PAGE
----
Photo from UNIAN

Esprit de Corps: What allows Nasirov and other officials to be reinstated through courts

14:40, 13 December 2018
5 min. 1630

On Tuesday, December 11, the Kyiv District Administrative Court reinstated Roman Nasirov, chairman of the State Fiscal Service of Ukraine, who had been dismissed by the decision of the Cabinet of Ministers of January 31. Unfortunately, such a return of odious officials to positions through the courts is quite a common thing for Ukraine.

In addition to reinstatement in office, Nasirov is bound to receive compensation for the whole idle period worth around UAH 180,000, according to his lawyer, Liubomyr Drozdovskiy. Moreover, Roman Nasirov didn't lose a chance to make a PR trick out of it by publically pledging all his compensation money for assistance to Ukrainian sailors captured by Russia.

In addition, the reinstated official promised that he would come to work on December 12. True, he did not appear on Wednesday at GFS. He explained that it is necessary to follow the formal procedure - the decision of the Cabinet of Ministers, which allows Nasirov to resume his duties.

Meanwhile, the Cabinet of Ministers said they would challenge the ruling. “The government made an absolutely legal decision to dismiss Nasirov and, of course, will appeal the ruling on his reinstatement,” said MP Vadym Denisenko, the Cabinet's representative to the Verkhovna Rada.

On Wednesday evening, December 12, the District Administrative Court explained that the decision to dismiss Roman Nasirov had been based solely on the official's dual citizenship. In his lawsuit, Nasirov refuted the fact, thus considering the move to dismiss him as illegal. He also insisted that the decision on his dismissal was passed with a procedural violation, since it had not been preceded by a corresponding submission by the prime minister.

The court found that the only document mentioning Nasirov’s dual citizenship is the letter sent by the British Embassy to the Ukrainian minister of finance, which says that NABU [National Anti-corruption Bureau of Ukraine] had been provided certain information on Nasirov, including on his British passport. The letter also promises to provide material proving Nasirov’s dual citizenship.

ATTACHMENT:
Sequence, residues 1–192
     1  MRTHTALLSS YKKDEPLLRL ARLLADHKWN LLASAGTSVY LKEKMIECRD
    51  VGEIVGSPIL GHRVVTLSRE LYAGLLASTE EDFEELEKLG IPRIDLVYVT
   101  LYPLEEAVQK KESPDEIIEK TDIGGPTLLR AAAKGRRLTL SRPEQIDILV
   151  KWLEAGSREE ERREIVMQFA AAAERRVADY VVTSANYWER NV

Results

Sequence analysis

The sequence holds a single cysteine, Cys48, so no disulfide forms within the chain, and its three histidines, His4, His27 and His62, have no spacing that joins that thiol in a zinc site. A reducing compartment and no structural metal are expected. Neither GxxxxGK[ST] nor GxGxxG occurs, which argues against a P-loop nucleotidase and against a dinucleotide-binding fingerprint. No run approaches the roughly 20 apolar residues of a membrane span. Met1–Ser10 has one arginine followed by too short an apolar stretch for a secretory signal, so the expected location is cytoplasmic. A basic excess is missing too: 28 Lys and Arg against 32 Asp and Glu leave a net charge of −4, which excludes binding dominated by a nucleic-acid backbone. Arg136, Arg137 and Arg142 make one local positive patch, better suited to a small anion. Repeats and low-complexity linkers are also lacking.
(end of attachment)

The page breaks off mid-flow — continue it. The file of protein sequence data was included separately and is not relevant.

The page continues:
However, Nasirov's reinstatement in top post at the fiscal service is not the first case where Ukraine's judiciary plays into the hands of various officials embroiled in corruption scandals.

"Improper" dismissal

The British Embassy confirmed that Nasirov had obtained a British passport / Photo from UNIAN

On March 3, 2017, Nasirov was initially suspended from top office in the State Fiscal Service pending investigation. The official was suspected of initiating in 2015-2016, while acting in the interests of the fugitive MP Oleksandr Onyshchenko, unreasonable decisions on tax debt restructuring for three companies, which caused damage to the state worth almost UAH 2 billion. This was also the time when allegations surfaced of the official having a dual citizenship.

It is worth noting that even back then, the official would firmly deny the allegation. However, Judith Gough, a UK Ambassador to Ukraine, has said that Nasirov does own a British passport.